if this forum is food com and if your are host you have no right to say that ekmek kadayıf ot baklava or dolma yoghurt is greek:..

    ther are so many soruces on net that shows these meals are orginally turkısh.yes ı understand you lıke thet meals but please dont add a suffix at the and of words such as caciki or kadayıffı ,or dont add 'greek' before words sauch as greek dolma baklava,it doesnt becomjes orginally greek when you do it,please dont gıve wrong kondledge to peoaple unaware of turkısh cuısine
    evelyn/athens
    Fri Sep 23, 2011 6:58 am
    Forum Host
    As I'm sure you know, Greeks have been living in the area known as present-day Turkey since the middle of the second millenium BC - actually, long before the Seljuq Turks invaded the area and it eventually evolved into Turkey as we know it today. As to the cuisine...historically, there is a lot of controversy as to whether it is 'greek' or 'turkish' since Alexander the Great conquered the entire area and populated it with an Hellenistic culture that eventually merged and happily co-existed with the indian and middle-eastern cultures.

    It is something like asking the question, 'what came first, the chicken or the egg?' It is simply the cuisine of the entire region. icon_wink.gif icon_biggrin.gif

    Welcome to the Forum!
    whitestarfish
    Fri Sep 23, 2011 7:34 am
    Experienced "Head Chef" Poster
    ı know my history!!

    but tell me why are these greek meals are not greek but turkish evelyn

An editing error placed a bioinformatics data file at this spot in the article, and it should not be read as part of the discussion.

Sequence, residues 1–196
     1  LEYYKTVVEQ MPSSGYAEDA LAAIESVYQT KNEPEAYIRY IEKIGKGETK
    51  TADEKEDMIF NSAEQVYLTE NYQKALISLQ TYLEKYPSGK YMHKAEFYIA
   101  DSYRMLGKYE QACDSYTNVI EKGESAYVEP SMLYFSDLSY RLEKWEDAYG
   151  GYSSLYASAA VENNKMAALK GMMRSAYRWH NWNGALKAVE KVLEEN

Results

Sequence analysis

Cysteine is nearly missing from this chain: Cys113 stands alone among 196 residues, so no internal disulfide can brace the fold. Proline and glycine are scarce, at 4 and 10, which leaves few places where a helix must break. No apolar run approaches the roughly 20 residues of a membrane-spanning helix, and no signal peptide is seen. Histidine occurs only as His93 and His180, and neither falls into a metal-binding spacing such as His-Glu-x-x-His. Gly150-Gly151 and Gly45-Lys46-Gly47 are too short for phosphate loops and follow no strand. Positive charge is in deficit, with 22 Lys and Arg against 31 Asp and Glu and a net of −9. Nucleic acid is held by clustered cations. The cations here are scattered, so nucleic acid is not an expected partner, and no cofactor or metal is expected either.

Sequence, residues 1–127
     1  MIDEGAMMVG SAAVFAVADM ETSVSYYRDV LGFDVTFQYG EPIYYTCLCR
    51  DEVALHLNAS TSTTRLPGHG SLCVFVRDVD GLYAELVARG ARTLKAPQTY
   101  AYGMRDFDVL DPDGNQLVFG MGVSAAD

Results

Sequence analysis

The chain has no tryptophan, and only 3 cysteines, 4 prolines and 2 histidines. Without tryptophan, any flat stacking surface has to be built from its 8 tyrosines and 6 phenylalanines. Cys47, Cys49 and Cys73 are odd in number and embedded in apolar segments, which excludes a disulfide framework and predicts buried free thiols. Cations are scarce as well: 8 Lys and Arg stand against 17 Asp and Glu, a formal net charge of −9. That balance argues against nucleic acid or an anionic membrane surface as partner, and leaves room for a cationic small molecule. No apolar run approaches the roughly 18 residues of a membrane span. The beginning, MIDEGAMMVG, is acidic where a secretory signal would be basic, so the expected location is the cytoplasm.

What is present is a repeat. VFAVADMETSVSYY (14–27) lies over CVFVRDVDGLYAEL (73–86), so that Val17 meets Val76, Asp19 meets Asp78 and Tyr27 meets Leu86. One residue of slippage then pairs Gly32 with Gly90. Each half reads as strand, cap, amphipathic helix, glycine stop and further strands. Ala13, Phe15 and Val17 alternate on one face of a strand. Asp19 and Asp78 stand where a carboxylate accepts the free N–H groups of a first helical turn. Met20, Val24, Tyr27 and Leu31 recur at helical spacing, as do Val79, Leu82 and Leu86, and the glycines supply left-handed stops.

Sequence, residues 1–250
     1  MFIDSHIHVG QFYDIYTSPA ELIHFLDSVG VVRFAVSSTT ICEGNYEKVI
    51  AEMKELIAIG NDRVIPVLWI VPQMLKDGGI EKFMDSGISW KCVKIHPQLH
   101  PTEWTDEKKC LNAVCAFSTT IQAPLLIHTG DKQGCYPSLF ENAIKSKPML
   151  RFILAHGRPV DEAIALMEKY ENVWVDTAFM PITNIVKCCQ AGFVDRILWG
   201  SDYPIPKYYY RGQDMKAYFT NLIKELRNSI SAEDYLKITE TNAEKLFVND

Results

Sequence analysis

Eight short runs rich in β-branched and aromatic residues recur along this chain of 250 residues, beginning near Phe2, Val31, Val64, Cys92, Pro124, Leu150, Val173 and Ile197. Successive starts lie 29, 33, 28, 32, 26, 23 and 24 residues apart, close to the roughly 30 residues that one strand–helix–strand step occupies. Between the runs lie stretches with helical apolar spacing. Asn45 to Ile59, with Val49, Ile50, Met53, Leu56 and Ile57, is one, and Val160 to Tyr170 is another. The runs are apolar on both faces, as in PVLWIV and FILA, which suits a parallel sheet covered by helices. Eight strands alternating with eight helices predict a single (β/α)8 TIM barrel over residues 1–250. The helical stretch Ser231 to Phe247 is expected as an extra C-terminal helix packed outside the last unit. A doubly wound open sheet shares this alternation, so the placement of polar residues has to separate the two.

you have no right to hide the facts....

    dolma is turkish verbal noun

    yogurt is also turkish

    baklava is turkish word

    sarma is turkish




    olma is a verbal noun of the Turkish verb dolmak, 'to be stuffed', and means 'stuffed thing'.[1][2]

    Dolma is a stuffed vegetable, that is, a vegetable that is hollowed out and filled with stuffing. This applies to courgette, tomato, pepper, eggplant, and the like; stuffed mackerel, squid, and mussel are also called dolma. Dishes involving wrapping leaves such as vine leaves or cabbage leaves around a filling are called sarma though in many languages, the distinction is usually not made. Sarma is derived from the Turkish verb sarmak which means 'to wrap'. Other variants derive from the Turkish word for 'leaf', yaprak.


    http://en.wikipedia.org/wiki/Dolma


    baklava

    istory

    The history of baklava is not well documented. It has been claimed by many ethnic groups, but there is strong evidence that it is of Central Asian Turkic origin, with its current form being developed in the imperial kitchens of the Topkapı Palace.[3]